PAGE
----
Nonfiction > E.C. Stedman & E.M. Hutchinson, eds. > A Library of American Literature > 1607–1764
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Stedman and Hutchinson, comps.  A Library of American Literature:
An Anthology in Eleven Volumes.  1891.
Vols. I–II: Colonial Literature, 1607–1764
 
A New England Gentleman’s Epitaph
By Thomas Dudley (1576–1653)
 
[Born in Northampton, England. Died at Andover, Mass. Found after his Death, and preserved in Morton’s “New England’s Memorial.” 1669.]

DIM eyes, deaf ears, cold stomach show
My dissolution is in view;
Eleven times seven near lived have I,
And now God calls, I willing die:
My shuttle ’s shot, my race is run,        5
My sun is set, my deed is done;
My span is measur’d, tale is told,
My flower is faded and grown old,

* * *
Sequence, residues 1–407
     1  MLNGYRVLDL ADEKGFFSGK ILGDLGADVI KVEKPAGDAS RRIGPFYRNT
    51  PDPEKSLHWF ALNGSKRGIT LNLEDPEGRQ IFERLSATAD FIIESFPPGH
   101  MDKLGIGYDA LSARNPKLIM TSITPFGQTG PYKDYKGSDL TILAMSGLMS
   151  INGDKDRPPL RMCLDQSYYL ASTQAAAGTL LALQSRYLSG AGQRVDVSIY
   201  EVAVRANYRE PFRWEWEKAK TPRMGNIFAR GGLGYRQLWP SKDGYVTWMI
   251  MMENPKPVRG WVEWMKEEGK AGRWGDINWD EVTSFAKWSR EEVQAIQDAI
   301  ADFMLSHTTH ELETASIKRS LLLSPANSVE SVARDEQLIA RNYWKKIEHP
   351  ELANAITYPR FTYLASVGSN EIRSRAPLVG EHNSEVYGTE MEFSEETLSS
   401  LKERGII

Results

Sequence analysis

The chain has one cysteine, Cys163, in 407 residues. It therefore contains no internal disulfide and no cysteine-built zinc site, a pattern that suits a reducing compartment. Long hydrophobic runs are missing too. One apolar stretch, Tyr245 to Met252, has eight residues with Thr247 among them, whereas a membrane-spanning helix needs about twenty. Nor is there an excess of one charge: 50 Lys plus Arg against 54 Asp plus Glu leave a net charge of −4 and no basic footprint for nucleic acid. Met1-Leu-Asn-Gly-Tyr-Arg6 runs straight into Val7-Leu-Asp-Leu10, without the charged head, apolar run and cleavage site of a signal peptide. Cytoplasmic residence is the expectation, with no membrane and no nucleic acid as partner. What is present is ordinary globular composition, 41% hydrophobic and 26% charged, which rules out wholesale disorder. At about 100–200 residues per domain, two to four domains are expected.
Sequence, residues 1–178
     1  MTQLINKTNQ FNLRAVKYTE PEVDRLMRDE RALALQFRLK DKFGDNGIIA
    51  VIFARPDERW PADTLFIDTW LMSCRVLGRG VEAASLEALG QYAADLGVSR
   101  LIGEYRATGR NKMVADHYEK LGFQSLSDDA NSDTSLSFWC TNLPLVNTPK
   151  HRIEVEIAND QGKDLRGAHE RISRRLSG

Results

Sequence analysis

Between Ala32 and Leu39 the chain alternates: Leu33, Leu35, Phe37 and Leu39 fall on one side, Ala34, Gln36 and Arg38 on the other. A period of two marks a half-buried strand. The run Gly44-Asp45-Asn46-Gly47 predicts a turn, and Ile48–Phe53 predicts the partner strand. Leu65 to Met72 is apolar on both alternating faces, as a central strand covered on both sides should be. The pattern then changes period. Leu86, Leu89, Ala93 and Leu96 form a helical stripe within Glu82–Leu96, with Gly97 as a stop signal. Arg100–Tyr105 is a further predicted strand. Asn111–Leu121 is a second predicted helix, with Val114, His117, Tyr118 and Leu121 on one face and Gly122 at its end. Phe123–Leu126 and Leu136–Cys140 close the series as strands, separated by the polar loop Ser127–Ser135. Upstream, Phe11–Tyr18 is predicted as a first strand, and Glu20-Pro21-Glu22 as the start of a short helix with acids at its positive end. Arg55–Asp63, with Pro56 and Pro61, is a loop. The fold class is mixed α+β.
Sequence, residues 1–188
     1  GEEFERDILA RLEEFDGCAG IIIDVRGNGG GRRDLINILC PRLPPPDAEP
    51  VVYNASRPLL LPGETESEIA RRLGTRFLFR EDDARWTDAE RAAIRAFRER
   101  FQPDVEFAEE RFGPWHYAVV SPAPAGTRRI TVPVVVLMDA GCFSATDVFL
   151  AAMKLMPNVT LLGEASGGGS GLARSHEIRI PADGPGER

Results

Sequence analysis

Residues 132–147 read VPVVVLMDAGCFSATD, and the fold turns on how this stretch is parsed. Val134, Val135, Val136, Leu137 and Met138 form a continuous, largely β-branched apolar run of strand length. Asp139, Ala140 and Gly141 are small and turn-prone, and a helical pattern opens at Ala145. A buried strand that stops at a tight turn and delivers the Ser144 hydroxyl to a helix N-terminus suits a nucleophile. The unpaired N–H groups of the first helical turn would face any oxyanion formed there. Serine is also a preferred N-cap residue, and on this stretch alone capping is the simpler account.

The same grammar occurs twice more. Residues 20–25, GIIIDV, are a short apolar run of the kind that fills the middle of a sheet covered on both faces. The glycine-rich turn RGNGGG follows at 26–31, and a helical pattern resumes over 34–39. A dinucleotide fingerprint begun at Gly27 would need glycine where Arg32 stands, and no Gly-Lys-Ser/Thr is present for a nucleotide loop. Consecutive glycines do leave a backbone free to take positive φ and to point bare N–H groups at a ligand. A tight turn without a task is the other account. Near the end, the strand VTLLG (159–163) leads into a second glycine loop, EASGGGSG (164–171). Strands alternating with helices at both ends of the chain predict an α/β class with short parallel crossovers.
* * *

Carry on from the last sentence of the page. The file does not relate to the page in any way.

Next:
My dream is vanish’d, shadow ’s fled,
My soul with Christ, my body dead;        10
Farewell dear wife, children and friends,
Hate heresy, make blessed ends;
Bear poverty, live with good men,
So shall we meet with joy again.
 
Let men of God in courts and churches watch        15
O’er such as do a toleration hatch;
Lest that ill egg bring forth a cockatrice,
To poison all with heresy and vice.
If men be left, and otherwise combine,
My epitaph ’s, I dy’d no libertine.        20
 
 
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